Top 3 Metrics for Evaluating Passwordless

Overcome skepticism about passwordless solutions by asking vendors some technical questions.

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There is considerable interest in going passwordless and adopting biometric authentication for application access. According to a recent survey by Cisco:

  • 52% of IT decision makers are actively considering passwordless solutions
  • 79% plan to implement such a solution within the next two years

However, it’s not a straightforward strategy. IT decision makers expressed concerns around the security of passwordless methods, especially in comparison with multifactor authentication (MFA).

Cisco also surveyed consumers about how comfortable they feel with using their fingerprints to access online accounts, and 69% said they are very or somewhat comfortable.

“I was surprised to see this level of comfort,” said Ted Kietzman, product marketing manager, Cisco Duo. “But it could be that with the prevalence of Touch ID on iPhones, people have gotten used to using their fingerprints to access their accounts.”

However, consumers too have concerns about replacing a password with a biometric factor. For example, they are worried that attackers might try to replicate their biometrics. Also, they don’t fully trust companies to store their biometric data.

With these concerns in mind, organizations considering a move to passwordless should be prepared to ask vendors about how their solutions resolve some technical metrics. 

Benchmarks for passwordless

Kietzman recommends three technical metrics to help conceptualize passwordless solutions. These considerations can also be used to evaluate vendors, he said.

  1. No shared secrets. Many people consider their biometric information to be a secret that shouldn’t be shared. To address this, a passwordless solution should create an asymmetric key pair with a public and a private key. Anyone can have the public key and it can be stored by any service. However, the private key never leaves the authenticator solution. It is only used to unlock and authenticate access requests.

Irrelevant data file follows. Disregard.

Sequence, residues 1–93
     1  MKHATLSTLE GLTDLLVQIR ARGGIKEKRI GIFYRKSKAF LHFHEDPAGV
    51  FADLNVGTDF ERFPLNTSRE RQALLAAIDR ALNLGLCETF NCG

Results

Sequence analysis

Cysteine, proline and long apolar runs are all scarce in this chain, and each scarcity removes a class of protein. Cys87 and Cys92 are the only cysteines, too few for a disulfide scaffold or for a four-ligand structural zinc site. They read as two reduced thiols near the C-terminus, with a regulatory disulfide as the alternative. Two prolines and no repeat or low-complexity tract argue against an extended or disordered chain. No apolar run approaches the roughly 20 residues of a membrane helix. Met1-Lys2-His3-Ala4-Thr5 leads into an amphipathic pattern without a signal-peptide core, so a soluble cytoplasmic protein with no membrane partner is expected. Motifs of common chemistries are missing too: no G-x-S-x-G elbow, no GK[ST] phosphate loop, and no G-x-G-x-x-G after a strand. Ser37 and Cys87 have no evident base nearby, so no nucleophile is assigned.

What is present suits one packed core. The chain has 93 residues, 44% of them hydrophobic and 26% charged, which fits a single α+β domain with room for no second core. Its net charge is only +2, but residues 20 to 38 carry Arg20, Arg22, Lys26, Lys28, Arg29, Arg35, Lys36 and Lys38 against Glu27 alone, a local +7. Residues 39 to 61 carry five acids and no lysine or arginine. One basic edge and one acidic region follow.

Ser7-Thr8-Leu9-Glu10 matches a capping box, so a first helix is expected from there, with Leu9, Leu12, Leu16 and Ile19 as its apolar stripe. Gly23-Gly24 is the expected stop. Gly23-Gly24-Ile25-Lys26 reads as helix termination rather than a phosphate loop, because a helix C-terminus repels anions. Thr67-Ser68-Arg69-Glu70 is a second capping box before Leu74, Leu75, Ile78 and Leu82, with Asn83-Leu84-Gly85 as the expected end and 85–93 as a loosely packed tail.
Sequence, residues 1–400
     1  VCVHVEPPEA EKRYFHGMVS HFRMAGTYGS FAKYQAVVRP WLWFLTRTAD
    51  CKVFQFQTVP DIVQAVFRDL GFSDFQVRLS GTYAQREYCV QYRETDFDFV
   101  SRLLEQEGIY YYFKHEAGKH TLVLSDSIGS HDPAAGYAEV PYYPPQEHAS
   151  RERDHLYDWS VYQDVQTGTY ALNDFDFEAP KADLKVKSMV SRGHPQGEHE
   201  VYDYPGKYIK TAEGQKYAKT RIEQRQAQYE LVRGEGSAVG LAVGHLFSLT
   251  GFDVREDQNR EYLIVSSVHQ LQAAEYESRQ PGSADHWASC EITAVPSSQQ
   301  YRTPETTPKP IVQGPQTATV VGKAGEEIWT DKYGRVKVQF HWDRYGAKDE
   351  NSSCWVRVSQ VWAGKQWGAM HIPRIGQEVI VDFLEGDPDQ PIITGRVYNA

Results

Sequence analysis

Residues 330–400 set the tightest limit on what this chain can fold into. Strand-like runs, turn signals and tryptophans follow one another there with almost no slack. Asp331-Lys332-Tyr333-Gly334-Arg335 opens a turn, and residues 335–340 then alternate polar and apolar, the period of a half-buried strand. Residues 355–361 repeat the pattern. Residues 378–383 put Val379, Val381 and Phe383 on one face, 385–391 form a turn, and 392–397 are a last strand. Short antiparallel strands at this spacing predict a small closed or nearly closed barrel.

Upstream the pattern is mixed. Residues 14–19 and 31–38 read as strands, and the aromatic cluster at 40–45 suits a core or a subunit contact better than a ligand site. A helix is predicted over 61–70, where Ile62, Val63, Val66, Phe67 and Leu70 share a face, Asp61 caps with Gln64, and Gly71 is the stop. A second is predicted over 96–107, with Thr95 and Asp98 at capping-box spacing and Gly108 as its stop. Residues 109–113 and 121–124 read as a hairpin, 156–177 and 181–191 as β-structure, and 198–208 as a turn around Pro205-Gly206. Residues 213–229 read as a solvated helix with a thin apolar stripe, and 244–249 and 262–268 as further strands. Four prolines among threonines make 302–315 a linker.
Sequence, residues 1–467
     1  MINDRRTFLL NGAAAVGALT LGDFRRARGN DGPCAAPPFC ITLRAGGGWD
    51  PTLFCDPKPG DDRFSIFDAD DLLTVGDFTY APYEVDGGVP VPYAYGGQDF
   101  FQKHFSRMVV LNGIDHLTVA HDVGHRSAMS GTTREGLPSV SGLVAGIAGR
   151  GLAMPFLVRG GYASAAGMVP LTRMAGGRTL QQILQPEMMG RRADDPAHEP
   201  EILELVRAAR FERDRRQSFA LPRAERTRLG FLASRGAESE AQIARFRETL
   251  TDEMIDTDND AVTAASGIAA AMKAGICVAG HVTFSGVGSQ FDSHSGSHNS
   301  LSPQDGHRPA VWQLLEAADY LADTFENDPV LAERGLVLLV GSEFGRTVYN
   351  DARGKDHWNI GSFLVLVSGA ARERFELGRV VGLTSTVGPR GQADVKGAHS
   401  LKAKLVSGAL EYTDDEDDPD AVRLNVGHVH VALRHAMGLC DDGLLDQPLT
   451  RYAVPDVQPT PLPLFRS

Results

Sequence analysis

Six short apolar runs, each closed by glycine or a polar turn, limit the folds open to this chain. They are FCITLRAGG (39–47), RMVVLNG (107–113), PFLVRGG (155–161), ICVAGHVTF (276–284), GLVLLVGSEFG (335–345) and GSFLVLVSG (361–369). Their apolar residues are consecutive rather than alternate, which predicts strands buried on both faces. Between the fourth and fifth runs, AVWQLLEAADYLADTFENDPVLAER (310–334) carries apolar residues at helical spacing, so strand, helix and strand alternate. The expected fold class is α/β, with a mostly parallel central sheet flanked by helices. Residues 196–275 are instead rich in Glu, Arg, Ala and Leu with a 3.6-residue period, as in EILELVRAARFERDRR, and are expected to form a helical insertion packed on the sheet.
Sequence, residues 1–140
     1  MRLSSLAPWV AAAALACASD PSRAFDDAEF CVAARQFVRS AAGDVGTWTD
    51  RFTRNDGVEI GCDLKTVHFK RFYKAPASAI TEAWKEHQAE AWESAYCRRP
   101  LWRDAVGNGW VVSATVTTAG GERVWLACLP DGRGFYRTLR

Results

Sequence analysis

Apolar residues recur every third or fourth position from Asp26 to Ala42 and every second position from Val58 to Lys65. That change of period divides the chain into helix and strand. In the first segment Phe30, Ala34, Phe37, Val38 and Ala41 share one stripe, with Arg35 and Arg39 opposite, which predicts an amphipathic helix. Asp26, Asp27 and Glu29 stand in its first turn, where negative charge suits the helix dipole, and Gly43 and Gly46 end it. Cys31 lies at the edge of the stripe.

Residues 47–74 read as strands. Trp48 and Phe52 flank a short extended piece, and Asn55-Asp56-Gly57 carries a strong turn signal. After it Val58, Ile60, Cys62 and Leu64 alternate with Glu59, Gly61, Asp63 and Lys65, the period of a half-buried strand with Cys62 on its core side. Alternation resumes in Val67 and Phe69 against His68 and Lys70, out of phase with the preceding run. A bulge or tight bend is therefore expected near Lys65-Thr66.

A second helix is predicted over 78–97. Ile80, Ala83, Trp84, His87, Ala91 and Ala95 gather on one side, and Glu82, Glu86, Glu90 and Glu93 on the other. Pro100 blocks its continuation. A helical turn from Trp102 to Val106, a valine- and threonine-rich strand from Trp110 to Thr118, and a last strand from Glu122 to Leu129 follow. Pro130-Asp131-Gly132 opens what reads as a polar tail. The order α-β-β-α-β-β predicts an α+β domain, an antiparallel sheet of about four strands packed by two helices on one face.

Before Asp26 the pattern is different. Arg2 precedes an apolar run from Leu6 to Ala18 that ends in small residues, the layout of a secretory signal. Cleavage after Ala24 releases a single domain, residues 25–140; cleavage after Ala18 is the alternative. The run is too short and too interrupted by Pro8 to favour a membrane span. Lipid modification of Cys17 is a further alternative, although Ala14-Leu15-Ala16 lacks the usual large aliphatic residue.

Kietzman suggests asking vendors: What happens in cases where the application doesn’t accept asymmetric credentials?

  1. Origin binding. In this scenario, credentials are limited to the domain to which they are registered. The authenticator checks, and would reject, fake service domains. Also, origin binding ensures that using credentials at a hacked domain would not work.

“Ask the vendor if their solution forces the user to make sure they’re at the correct domain,” Kietzman said. “The answer should be ‘no.’ Passwordless solutions that are strongly origin bound don’t make the user even think about this.”

  1. Channel binding. In this method, communication from the authenticator to the website is strongly tied to the browser session that it is attempting to authenticate. This means that a malicious actor cannot remotely signal, turn on, or access an authenticator. An example of a solution that is strongly channel bound is Touch ID on the iPhone, a feature that is difficult to remotely access.

“Ask vendors if their solution bootstraps trust with a QR code to gain access to accounts,” Kietzman said. “This is an area where channel bindings can be weak and where QRL jacking can occur, in which an attacker uses social engineering to hijack a session and gain access.”

Continue the conversation

Amid the interest in going passwordless, take the time to vet solutions, Kietzman said.

“There’s a lot of buzz in the market these days about passwordless,” he said. “These three metrics hopefully make the concept more concrete and offer context for further discussions.”

Get more information about going passwordless


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